In this series of articles, I’d like to meander through the roots of some ancient customs, beliefs and rituals that have shaped our culture. Many are still followed, though sad to say, a growing number of folk have forgotten their origins and relevance.
Different groups celebrated different times of the year for a variety of reasons, mainly with the aim of marking harvests, the new year, rebirth, and so on. Many of these celebrations were very similar, and overlapped between neighbouring cultures. They were organised in the 1950s by Ross Nicholls and Gerard Gardner and presented as the ‘Wheel of the Year’, and while this modern re-branding might cause some to view it as modern fake nonsense, the concept of nature being cyclical is ancient. Life, death and rebirth have always been universal themes. All these sabbats were celebrated in the ancient world, just not necessarily all of them, by every tribe.
In a time when the idea of remembering your own birthday wasn’t even remotely ‘a thing’, these regular festivals provided communities with medium-term occasions to look forward to and plan accordingly for. A sense of structure is necessary in all our lives, and the annual routine of preparing for fresh planting, then harvest, and then battening down the hatches to survive winter were key to ancient lives. I sometimes mourn the fact that we have become too detached from these rhythms. We have lost the joy of a particular fruit being ‘in season’ for a brief time, because industrially farmed crops—which studies indicate contain declining nutritional value—can be bought in supermarkets all-year round.
Much of what I’m discussing is often dismissed as pagan nonsense. But I’m not a pagan. I don’t even particularly like the word. It is derived from Latin, paganus, which meant ‘villager, rustic, or rural’. Roman soldiers apparently used the term to refer to civilians and non-combatants, before the word was adopted as a pejorative term for those who clung to the ‘old gods’ and hadn’t converted to Christianity.
But then I don’t recognise these ‘old gods’ in the way many modern people would recognise the term. They strike me as having an awful lot of similarities with Japanese kami, from their Shinto beliefs. The word kami is also commonly translated as ‘god’ or ‘deity’, but English really doesn’t have a single word which does justice to the subtlety of it, which is very common with many Japanese concepts.
A far better description of Kami are ‘great spirits’. They can be forces of nature, or elements of it. They are not separate from nature, but are an intrinsic part of it, they are neither good or evil, and they are neither male or female. The creators of the universe can be considered kami, just as people with powerful qualities who have passed on—such as deceased Emperors—can also be considered such, but it doesn’t mean they become actual ‘gods’.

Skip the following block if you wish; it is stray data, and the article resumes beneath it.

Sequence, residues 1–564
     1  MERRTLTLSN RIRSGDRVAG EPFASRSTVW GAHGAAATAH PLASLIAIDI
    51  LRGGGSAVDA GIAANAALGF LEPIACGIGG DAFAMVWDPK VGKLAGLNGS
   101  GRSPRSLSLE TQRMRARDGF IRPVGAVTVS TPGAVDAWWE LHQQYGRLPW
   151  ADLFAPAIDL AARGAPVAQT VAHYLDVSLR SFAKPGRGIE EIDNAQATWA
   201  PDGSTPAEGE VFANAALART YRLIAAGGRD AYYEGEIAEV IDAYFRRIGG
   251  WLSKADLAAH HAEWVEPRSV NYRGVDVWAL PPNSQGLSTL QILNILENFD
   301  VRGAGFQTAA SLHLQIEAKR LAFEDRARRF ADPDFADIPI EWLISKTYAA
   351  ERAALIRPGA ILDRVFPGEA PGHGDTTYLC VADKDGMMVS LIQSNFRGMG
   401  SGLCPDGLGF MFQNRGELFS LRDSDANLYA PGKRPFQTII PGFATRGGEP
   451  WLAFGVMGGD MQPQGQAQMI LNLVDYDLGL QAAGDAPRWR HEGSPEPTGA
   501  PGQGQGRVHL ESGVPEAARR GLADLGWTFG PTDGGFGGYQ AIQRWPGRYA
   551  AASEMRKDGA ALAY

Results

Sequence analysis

So no, I’m not a pagan. No-one should allow themselves to be defined by what their opponents would call them, or their misunderstanding of what your beliefs actually are. If I had to use a label to describe myself, I think “I respect the old ways” is as good as any. But then, being a positively unmutual fellow, I don’t much care for labels either.
‘Respecting the old ways’ is about being able to appreciate the indomitable beauty of a mountain, a waterfall, or an ancient tree. Understanding and respecting the cycles of the sun and moon, the changing seasons and living in harmony with the world around you. Honouring ancestors who left an indelible mark on your tribe or nation’s story. And seeing the earliest fumbling attempts to try to explain and understand the world around us as what they are. This is what the ancient Celtic gods mean to me.
I’ll be ruminating over each of the eight sabbats, at the appropriate time of the year, and reflecting on what they mean to me. Some will have more resonance and meaning than others. The four greater sabbats are pre-Christian fire festivals and are seasonal in their origin as they mark important turning points in the year. By contrast, the lesser sabbats mark the four solstices and equinoxes, which are astronomical in nature.
The idea of a transition between two different states is a key concept in Celtic tradition, which is why the greater sabbats mark the midpoint between the solstices and equinoxes. They are important moments of transition to look back at what has been, whilst simultaneously looking forward to what is coming.
Sunset marked the end of the day for the Celts, and so also the beginning of the next. And in the same way, the beginning of winter denoted the end of one year, and the start of the next.